Today Lisa Bright from the Pastoral Renewal team presents our Gospel reflection and reads from the Gospel of Matthew (5: 43-48) in which Jesus tells his followers ‘love your enemies and pray for those who persecute you, in this way you will be children of your Father in heaven’.
Lisa says, in this gospel, Jesus continues to share what it means to love another in the image and likeness of God. We heard in the gospel a very clear message with no exception – love your enemies, pray for those who persecute you. It’s easy to be nice to those people who are nice to you … but how do we respond when someone is unfriendly toward us?
Not only are we called to respond to this in our ‘human’ world, but Lisa says she is particularly attuned to this in our digital world. Scrolling through the internet and, on social media sites, sifting occasionally through the comments on posts, she is really saddened by some of the uncharitable and unloving comments she reads. It seems that the courtesies that we afford each other face-to-face do not extend to the digital space. And yet, Jesus’ words and message of this gospel are so applicable in that space.
For example, if Lisa sees a comment she doesn’t agree with or which has particularly angered or offended her, if she chooses to respond, how does she do this? What are the words to use? What is the tone to convey? As in a face-to-face situation, Lisa tries to see that the person behind a comment or post is also a person and is also loved by God. Our challenge in that situation is to see the face of God in the person behind the post.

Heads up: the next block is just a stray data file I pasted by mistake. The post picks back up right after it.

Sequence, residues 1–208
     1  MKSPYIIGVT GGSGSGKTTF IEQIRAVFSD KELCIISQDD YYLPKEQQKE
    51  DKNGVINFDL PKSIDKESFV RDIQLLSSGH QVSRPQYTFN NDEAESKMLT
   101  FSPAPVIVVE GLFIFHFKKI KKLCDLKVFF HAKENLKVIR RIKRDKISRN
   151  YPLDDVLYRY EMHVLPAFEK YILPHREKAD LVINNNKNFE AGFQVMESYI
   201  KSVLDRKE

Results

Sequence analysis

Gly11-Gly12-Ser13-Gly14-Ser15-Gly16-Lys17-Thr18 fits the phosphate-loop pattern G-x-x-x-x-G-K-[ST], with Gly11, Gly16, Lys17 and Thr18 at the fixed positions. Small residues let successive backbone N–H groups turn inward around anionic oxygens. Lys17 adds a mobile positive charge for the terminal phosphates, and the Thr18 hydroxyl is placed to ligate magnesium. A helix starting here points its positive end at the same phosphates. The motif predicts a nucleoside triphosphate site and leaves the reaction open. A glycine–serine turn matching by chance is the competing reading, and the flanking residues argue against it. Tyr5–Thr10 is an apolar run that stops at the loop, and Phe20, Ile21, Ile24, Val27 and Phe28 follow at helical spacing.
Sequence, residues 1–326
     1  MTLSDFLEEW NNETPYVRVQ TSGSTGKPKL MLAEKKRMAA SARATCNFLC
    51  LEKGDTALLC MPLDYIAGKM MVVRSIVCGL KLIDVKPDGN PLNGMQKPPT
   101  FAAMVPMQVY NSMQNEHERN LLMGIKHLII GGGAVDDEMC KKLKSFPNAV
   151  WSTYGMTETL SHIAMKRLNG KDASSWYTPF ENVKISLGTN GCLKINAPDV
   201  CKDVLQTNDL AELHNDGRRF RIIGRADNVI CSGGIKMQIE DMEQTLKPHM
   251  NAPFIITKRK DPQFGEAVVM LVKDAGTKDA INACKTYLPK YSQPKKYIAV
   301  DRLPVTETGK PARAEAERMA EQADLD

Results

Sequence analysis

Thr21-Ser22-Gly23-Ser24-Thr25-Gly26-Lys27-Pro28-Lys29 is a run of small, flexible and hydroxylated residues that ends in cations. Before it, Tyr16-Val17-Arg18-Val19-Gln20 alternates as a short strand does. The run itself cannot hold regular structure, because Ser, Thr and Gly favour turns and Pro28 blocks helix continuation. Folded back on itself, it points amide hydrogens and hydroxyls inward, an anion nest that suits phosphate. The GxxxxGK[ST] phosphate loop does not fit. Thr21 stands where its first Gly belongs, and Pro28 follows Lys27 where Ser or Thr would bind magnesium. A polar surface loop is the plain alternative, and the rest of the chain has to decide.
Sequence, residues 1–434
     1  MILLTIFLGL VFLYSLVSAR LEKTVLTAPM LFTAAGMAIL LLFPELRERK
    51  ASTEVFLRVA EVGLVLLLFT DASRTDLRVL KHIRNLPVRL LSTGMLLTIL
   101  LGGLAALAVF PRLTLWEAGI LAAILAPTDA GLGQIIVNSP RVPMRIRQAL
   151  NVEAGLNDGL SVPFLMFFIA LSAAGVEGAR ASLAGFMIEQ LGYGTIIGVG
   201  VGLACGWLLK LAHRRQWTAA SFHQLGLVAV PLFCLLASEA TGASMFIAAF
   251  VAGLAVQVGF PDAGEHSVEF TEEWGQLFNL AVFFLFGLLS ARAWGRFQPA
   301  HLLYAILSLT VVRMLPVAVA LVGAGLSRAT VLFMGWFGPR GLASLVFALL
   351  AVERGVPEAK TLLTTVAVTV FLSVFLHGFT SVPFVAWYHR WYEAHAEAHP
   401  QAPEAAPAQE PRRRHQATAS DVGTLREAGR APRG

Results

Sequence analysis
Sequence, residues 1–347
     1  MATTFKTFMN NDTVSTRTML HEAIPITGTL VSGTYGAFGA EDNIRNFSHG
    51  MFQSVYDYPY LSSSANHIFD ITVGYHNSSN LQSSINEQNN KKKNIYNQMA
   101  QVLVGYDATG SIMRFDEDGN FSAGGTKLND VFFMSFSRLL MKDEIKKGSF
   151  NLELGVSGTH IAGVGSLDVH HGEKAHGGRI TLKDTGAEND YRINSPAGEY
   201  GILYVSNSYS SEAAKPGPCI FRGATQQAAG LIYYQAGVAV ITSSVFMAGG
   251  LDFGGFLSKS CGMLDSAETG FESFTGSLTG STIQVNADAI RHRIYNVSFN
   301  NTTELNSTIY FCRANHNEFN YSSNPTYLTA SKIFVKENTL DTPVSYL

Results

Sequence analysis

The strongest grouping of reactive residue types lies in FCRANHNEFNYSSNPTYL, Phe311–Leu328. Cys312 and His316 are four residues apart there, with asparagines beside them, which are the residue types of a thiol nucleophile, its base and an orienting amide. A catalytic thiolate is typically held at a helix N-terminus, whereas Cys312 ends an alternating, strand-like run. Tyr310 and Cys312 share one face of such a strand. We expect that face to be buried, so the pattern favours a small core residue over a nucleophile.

The last line of today’s Gospel also captured Lisa’s attention today, “you must therefore be perfect just as your Heavenly Father is perfect.” What a line! I am to be perfect as God is perfect. No pressure whatsoever!
Upon reading some commentaries on this bible passage, the word ‘perfect’ in today’s language doesn’t have the same meaning as in the original text. The word perfect in Matthew’s Gospel comes from the Greek word ‘Teleois’ which translates to ‘fully grown’ or ‘whole’. It insinuates maturity. When Lisa applies it to this gospel, she hears Jesus saying that we must be whole in God and mature in our life and faith. And this is achieved by accepting the invitation to live in the way that Jesus is sharing with us.
Lisa says, she doesn’t think it is something we will necessarily achieve in this life she knows we are always maturing and discovering more and more about life and faith. She hopes though, in that discovery and in trying to live it, she is doing so in a way that lives and breathes life in its wholeness as God asks of us – that is loving others – face to face and in the digital world – our friends and our enemies, and forgiving others especially when we find it difficult to forgive so as to reflect God’s unconditional love.
In closing, Lisa invites us to pray, ‘God, I pray that we can become whole in you, listening to your word, and living it through our lives. Amen’.